Positive thoughts can build you up, and do not cause the same level of stress as negative ones do.  Negative self-talk is also associated with worsening of anxiety, which further depletes your body's ability to cope. 

     

    Reading daily positive affirmations can help to keep your mind healthy and positive. 

     

  • Learning to say no (even to good things)

     

    Many people with burnout are Type A personalities (or Type A Behavior Pattern), the type who tend to be competitive and always faced with time pressures. 

     

    If you are this type of person, you often take on more responsibilities, because you feel that you need to be involved to make sure that the job gets done correctly.  However, this also causes more stress for you. 

     

    However, you need to learn to say "no" to things.  You need to realize that things will not fall apart if you do not have your hands in everything.  Sometimes, this also means saying "no" to good things.  For example, you may be asked to attend a speaking engagement that you know you could contribute a lot of your expertise.  However, you need to take a step back, and evaluate how it fits into the grand scheme of what you are trying to accomplish.  Some requests that come your way may be good ones, but they may derail you of your path, causing you increased stress in the long run. 

     

  • Laughing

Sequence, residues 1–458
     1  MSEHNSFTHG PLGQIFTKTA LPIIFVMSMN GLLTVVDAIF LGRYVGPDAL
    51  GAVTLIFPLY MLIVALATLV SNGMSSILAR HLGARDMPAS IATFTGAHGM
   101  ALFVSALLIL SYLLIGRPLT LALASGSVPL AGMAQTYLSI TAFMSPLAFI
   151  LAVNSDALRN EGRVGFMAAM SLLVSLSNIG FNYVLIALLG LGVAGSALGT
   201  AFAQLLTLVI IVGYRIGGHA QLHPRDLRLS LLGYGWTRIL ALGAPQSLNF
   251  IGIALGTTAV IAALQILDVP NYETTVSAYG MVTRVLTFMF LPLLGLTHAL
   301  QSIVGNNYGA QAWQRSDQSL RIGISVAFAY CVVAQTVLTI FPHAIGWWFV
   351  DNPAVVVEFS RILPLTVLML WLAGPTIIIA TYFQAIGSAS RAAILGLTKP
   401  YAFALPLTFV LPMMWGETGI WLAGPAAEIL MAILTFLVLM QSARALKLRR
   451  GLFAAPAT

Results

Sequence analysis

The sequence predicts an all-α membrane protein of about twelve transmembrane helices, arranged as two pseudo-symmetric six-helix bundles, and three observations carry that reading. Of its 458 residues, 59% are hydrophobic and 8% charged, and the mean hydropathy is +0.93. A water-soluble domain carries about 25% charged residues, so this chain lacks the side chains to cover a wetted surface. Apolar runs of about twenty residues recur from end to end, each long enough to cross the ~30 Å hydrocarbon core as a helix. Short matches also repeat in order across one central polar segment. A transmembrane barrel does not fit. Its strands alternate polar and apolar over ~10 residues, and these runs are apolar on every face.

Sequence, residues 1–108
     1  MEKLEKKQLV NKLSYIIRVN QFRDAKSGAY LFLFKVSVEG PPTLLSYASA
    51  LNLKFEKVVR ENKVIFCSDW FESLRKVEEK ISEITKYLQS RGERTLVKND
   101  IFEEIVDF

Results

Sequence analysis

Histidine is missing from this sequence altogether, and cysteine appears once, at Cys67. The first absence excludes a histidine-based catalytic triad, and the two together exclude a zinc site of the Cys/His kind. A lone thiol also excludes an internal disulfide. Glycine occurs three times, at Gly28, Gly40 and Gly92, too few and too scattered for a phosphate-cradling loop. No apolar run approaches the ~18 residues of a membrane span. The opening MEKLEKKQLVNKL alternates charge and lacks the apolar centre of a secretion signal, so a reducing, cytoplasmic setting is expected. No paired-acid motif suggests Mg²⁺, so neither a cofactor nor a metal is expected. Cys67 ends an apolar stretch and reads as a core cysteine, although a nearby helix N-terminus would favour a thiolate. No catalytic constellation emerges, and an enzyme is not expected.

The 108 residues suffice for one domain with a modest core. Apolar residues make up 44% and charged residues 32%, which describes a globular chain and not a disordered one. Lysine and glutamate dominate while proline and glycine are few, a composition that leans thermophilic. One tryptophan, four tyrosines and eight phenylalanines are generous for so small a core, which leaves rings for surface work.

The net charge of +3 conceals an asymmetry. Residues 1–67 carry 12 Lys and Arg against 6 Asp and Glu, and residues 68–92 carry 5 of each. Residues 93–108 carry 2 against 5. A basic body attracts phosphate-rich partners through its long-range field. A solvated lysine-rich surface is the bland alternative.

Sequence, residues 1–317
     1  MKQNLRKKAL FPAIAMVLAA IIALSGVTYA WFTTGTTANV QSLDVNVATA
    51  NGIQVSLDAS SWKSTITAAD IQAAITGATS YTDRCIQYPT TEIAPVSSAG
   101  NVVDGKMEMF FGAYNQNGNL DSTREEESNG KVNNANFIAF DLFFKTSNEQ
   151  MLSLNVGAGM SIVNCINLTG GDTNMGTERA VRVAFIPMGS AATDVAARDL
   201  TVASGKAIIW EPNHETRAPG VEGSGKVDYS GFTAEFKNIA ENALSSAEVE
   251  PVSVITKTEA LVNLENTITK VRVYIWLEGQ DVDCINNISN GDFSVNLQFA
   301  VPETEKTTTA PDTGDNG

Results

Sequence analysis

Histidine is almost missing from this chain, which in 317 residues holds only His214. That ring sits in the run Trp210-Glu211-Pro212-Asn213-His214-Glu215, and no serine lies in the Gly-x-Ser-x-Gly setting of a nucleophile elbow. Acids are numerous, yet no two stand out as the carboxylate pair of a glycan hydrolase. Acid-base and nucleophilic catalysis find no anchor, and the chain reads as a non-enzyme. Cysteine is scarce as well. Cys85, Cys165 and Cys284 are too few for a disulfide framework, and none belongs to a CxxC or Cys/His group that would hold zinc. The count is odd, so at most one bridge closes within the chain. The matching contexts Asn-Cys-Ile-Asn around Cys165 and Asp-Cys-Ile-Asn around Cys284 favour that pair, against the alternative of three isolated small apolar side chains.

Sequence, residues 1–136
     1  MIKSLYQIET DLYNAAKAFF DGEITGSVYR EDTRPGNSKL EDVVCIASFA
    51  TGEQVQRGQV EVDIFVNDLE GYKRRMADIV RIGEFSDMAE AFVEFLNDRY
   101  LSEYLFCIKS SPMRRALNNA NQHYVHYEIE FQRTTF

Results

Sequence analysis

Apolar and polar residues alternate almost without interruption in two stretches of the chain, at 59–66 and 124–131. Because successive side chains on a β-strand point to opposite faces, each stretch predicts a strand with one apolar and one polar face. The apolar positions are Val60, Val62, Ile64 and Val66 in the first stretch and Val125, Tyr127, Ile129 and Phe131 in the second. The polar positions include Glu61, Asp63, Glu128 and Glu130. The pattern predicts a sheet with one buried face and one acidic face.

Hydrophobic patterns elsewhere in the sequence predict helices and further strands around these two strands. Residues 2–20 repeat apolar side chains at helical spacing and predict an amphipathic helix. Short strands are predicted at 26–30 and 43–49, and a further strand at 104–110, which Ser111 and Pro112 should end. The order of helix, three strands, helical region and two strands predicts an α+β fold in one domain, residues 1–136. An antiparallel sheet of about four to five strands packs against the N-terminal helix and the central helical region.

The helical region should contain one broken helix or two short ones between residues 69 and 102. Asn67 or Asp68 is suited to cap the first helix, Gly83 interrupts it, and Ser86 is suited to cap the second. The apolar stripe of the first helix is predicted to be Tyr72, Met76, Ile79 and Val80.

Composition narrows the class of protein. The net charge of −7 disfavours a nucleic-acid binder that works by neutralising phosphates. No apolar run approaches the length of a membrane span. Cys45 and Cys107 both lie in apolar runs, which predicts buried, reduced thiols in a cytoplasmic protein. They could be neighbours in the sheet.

Laughing, brought about by a good sense of humor, is important in helping you heal.  It can improve your mood, further reducing stress. 

     

  • Relationships

     

    Related to laughter, you want to have friends who make you laugh and are a positive influence in your life. 

     

    One of the biggest drains on your energy is negative people in your life.  You can identify them by the way they make you feel after you have spent time with them. For example, you may feel even more drained, annoyed, frustrated, or like you can never meet their expectations. 

    You need to spend time around positive people, those who lift you up.  In saying this, you need to be positive too.  After all, positive people do not want to spend all their time with someone who is whining and negative, as it begins to make them feel negative as well. 

     

    If possible, let the person know that you may need time alone or away from him when he starts to be negative.  Often, the person does not even know that he is negative, as they are often caught up in long-term habits and patterns. 

     

    With other people that you do not know as well, you may have to limit time with them.  For example, if it is a co-worker, limit time to that at work and nothing else.  When at work, get away from the negative person whenever possible at breaks, etc.  Although it can appear rude, sometimes having your IPod and ear buds handy for breaks and lunch times, can be one way to avoid listening to this negative person. 

     

  • Decrease tension in muscles

     

    Stress management also includes incorporating techniques that make your body feel better.  This translates into your mind feeling better too.  Here are some ways to do this, and things to keep in mind:

     

    * Exercise